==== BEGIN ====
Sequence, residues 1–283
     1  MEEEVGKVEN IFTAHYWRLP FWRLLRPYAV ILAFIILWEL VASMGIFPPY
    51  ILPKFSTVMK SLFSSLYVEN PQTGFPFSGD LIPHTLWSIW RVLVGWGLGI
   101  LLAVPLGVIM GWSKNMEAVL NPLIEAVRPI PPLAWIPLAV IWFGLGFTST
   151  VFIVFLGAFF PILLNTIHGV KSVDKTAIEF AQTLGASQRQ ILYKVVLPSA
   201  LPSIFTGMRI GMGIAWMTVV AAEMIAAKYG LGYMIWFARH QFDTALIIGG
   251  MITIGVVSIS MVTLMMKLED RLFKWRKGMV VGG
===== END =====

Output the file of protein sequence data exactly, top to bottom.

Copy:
Sequence, residues 1–283
     1  MEEEVGKVEN IFTAHYWRLP FWRLLRPYAV ILAFIILWEL VASMGIFPPY
    51  ILPKFSTVMK SLFSSLYVEN PQTGFPFSGD LIPHTLWSIW RVLVGWGLGI
   101  LLAVPLGVIM GWSKNMEAVL NPLIEAVRPI PPLAWIPLAV IWFGLGFTST
   151  VFIVFLGAFF PILLNTIHGV KSVDKTAIEF AQTLGASQRQ ILYKVVLPSA
   201  LPSIFTGMRI GMGIAWMTVV AAEMIAAKYG LGYMIWFARH QFDTALIIGG
   251  MITIGVVSIS MVTLMMKLED RLFKWRKGMV VGG